Anxiety and Obsession Following the COVID-19 Outbreak


avatar Amir Adibi 1 , avatar Hadis Jamshidbeigi 2 , avatar Tayebe Jamshidbeigi 3 , avatar Aliashraf Mozafari ORCID 2 , avatar Ali Sahebi ORCID 2 , *

Department of Child and Adolescent Psychiatry, Ilam University of Medical Sciences, Ilam, Iran
Clinical Research Development Unit, Shahid Mostafa Khomeini Hospital, Ilam University of Medical Sciences, Ilam, Iran
Department of Internal Medicine, Ilam University of Medical Sciences, Ilam, Iran

how to cite: Adibi A, Jamshidbeigi H, Jamshidbeigi T , Mozafari A, Sahebi A. Anxiety and Obsession Following the COVID-19 Outbreak. Iran J Psychiatry Behav Sci. 2020;14(2):e105919.

Dear Editor,

Coronavirus disease 2019 (COVID-19) was first identified in Wuhan, China, and then spread rapidly around the world. The outbreak has led to concerns about public health around the world, especially in developing countries (1). COVID- 19 has several psychiatric consequences (2). Adverse psychological outcomes such as post-traumatic stress disorder, confusion, and anger have been reported following the outbreak of diseases such as Ebola and severe acute respiratory syndrome (SARS), and delays in psychological intervention can lead to psychological trauma. Also, people with a history of psychiatric problems, including anxiety and depression, are more vulnerable to quarantine and social distance than others (3). The results of studies in Iran have shown that the rate of obsessive-compulsive disorder (OCD) and general anxiety disorders are 1% - 11.9% and 0.54% - 12.8%, respectively, and anxiety disorders are the most common type of psychiatric disorders (4). Anxiety disorders, such as panic attacks and generalized anxiety disorder, may exacerbate physical symptoms, including shortness of breath (5). Following the outbreak of COVID-19, health and safety officials and caregivers, the media, social networks, and those around each individual frequently recommend personal hygiene. This issue increases the likelihood of hypersensitivity, extreme behavior, and subsequent OCD, and can exacerbate the disease in people with a history of anxiety and OCD. The fear of COVID-19 is natural and should be used to prevent the spread of the disease. If a person’s fear of the disease is abnormal, it is a matter of concern and should be discussed with a psychotherapist. The authors of this article offer the following strategies for preventing obsessions:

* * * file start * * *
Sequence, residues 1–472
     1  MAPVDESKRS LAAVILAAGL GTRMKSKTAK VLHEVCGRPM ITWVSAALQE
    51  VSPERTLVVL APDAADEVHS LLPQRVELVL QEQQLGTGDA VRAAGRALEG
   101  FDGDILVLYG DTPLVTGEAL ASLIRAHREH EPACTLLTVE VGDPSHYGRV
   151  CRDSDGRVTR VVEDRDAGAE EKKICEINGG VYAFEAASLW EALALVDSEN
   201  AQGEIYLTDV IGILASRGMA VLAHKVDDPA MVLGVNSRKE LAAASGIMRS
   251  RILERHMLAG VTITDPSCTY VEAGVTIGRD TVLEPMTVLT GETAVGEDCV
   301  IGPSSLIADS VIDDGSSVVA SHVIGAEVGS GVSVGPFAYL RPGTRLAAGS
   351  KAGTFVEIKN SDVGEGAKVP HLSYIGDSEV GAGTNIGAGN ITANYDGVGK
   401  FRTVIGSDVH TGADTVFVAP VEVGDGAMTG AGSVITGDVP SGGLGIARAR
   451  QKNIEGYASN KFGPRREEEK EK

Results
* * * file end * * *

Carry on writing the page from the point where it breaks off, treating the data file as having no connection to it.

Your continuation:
People should follow valid health guidelines for the prevention of COVID-19 and note that the number of times and duration of handwashing should not exceed the recommended amount. People need to ask themselves whether the health behaviors they perform are for maintaining good health or getting rid of annoying and anxious thoughts. Furthermore, if it is to get rid of annoying and anxious thoughts, avoid them as much as possible. It is the best that people had been examined by psychiatrists or health care professionals and diagnosed OCD or anxiety disorder special anyone with a history of these problems.


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